The game of chess has been in existence since the sixth century. However, the six pieces used in the game took nearly a thousand years to reach their modern form.
These 6 pieces include the Pawn, Bishop, Knight, Rook, Queen and King.
But how did they settle at these names for them? Let’s have a look.
The pawn is the weakest piece but can be the most powerful upon promotion.
It originated in the oldest version of chess, chaturanga. This piece moves directly forward in chaturanga and captures diagonally.
The pawn is derived from the Old French word paon, which comes from the Medieval Latin term that means foot soldier. In some other languages, the pawn is named after a term for “peasant” or “farmer.”
The knight is a chess piece represented by a horse’s head and neck. It was first introduced in the Indian game of chaturanga around the 6th century, and it has not changed.
The bishop is the piece with a slit cut in the head. In medieval chess, the bishop’s predecessor, shatranj (originally chaturanga), was the al-fil meaning “elephant”, which could leap two squares along any diagonal and jump over an intervening piece.
The modern bishop first appeared in Courier chess shortly after 1200.
Formerly, the rook (from the Persian rukh, meaning chariot) was called the tower, marquess, rector, and comes (count or earl). The rook is sometimes called the castle.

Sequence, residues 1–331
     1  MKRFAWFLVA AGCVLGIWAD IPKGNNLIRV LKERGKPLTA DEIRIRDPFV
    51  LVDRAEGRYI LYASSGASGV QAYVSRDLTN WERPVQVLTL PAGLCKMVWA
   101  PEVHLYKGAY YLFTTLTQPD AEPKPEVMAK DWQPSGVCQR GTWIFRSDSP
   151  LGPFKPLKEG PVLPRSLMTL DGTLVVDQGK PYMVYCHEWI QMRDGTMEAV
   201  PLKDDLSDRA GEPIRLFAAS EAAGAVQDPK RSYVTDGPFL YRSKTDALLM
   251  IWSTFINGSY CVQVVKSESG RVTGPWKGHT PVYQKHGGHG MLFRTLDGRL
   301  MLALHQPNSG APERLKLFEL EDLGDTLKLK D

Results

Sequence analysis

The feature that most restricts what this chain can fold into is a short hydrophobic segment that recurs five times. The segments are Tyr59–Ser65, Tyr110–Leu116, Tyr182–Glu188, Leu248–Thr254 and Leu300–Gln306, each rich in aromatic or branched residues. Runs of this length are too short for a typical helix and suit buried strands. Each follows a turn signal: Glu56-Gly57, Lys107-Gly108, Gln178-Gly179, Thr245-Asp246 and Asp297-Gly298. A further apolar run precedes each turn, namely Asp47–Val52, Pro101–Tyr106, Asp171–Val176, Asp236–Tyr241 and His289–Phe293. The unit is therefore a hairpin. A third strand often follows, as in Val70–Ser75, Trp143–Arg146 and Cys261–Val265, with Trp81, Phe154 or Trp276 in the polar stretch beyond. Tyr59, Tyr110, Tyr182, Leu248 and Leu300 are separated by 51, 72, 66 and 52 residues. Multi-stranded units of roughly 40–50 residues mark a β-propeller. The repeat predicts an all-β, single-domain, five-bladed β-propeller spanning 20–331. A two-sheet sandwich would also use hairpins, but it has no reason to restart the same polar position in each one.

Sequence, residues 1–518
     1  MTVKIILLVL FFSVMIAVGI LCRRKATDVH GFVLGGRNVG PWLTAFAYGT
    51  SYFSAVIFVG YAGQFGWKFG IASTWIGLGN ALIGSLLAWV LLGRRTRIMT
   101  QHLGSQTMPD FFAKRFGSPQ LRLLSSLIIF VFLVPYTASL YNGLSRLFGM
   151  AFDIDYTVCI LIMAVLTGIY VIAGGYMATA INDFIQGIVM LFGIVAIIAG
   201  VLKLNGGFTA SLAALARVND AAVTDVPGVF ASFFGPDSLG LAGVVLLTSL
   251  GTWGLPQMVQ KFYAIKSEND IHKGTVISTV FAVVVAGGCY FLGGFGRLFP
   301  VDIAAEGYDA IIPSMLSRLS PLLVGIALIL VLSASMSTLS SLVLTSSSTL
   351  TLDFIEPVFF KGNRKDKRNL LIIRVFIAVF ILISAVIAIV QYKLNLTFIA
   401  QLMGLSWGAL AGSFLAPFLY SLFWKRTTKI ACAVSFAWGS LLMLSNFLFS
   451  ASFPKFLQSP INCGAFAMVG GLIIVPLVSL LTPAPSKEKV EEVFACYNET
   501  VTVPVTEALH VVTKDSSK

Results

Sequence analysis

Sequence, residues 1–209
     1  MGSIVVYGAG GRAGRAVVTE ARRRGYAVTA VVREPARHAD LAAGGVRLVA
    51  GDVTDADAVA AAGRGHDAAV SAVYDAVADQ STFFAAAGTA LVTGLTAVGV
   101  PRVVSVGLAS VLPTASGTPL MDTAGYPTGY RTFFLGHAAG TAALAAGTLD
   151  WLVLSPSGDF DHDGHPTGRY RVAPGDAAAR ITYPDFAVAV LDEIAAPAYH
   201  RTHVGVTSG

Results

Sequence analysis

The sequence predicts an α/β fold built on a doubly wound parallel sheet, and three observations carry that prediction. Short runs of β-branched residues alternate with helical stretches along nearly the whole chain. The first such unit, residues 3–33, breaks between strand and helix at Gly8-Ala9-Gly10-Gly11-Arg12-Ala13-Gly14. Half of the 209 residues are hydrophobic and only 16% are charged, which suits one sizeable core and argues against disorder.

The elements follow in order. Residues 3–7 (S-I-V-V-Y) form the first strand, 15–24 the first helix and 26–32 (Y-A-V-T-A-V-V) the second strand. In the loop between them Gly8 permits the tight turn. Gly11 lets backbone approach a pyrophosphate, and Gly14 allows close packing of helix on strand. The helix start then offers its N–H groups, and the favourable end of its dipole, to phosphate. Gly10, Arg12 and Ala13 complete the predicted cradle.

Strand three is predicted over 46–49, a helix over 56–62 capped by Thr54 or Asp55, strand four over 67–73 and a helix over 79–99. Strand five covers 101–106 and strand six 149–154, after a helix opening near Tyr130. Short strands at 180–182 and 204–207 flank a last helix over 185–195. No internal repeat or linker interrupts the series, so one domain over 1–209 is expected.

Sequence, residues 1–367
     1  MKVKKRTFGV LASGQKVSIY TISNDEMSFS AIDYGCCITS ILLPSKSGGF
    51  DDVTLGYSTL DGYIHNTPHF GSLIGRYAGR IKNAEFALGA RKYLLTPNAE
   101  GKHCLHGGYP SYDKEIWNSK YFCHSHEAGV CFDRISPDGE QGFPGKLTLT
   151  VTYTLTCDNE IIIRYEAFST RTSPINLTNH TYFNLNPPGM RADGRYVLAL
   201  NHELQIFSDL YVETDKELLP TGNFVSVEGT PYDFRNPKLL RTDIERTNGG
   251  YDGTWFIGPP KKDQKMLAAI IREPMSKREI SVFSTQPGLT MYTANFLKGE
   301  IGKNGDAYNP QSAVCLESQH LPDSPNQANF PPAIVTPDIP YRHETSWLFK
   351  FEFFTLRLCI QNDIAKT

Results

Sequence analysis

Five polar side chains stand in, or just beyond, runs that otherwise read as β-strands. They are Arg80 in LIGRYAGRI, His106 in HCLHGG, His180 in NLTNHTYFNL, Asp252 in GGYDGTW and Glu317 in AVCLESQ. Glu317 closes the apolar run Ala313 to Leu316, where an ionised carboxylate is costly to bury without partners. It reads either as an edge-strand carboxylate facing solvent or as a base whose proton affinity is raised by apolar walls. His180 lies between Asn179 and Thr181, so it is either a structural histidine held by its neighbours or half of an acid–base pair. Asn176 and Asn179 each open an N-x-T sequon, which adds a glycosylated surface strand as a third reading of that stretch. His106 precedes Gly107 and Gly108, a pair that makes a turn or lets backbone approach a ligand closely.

See our article on Rook or Castle: Which Name Is It?
In medieval shatranj, the rook symbolized a chariot. In modern times, it’s mostly known as an elephant to Hindi-speaking players.
Learn how the rook moves in chess.
Originally, the queen was the counselor, prime minister, or vizier. Its only move at first was one square diagonally.
However, its abilities were enhanced around 1300, allowing it to jump two squares diagonally (onto a same-colored square) for its first move. Overtime, the queen evolved to becoming the most powerful piece on a chessboard.
Learn how the queen moves in chess.
In the game of shatranj, the king’s predecessor is the piece of the same name. It is similar to the modern king in that it is the most important piece in the game and can move to any neighboring square.
However, there are some differences between the two. In shatranj, baring the king is a win unless the opponent can do the same immediately afterward. Stalemating the king is also a win, and castling is not allowed.
Learn how the king moves in chess.
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